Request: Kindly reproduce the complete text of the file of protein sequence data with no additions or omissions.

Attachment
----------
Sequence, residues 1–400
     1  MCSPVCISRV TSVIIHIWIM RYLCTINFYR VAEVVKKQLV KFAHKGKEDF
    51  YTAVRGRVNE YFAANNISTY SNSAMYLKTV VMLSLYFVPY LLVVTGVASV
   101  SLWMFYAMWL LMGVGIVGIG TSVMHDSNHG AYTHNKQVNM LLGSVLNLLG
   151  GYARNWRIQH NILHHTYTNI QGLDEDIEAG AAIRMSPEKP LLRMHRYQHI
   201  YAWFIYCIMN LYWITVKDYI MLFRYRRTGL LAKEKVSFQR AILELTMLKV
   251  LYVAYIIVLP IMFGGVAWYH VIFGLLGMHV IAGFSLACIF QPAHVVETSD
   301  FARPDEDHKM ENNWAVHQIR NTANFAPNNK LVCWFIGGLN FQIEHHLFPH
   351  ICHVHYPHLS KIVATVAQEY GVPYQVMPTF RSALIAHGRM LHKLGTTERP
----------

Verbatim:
Sequence, residues 1–400
     1  MCSPVCISRV TSVIIHIWIM RYLCTINFYR VAEVVKKQLV KFAHKGKEDF
    51  YTAVRGRVNE YFAANNISTY SNSAMYLKTV VMLSLYFVPY LLVVTGVASV
   101  SLWMFYAMWL LMGVGIVGIG TSVMHDSNHG AYTHNKQVNM LLGSVLNLLG
   151  GYARNWRIQH NILHHTYTNI QGLDEDIEAG AAIRMSPEKP LLRMHRYQHI
   201  YAWFIYCIMN LYWITVKDYI MLFRYRRTGL LAKEKVSFQR AILELTMLKV
   251  LYVAYIIVLP IMFGGVAWYH VIFGLLGMHV IAGFSLACIF QPAHVVETSD
   301  FARPDEDHKM ENNWAVHQIR NTANFAPNNK LVCWFIGGLN FQIEHHLFPH
   351  ICHVHYPHLS KIVATVAQEY GVPYQVMPTF RSALIAHGRM LHKLGTTERP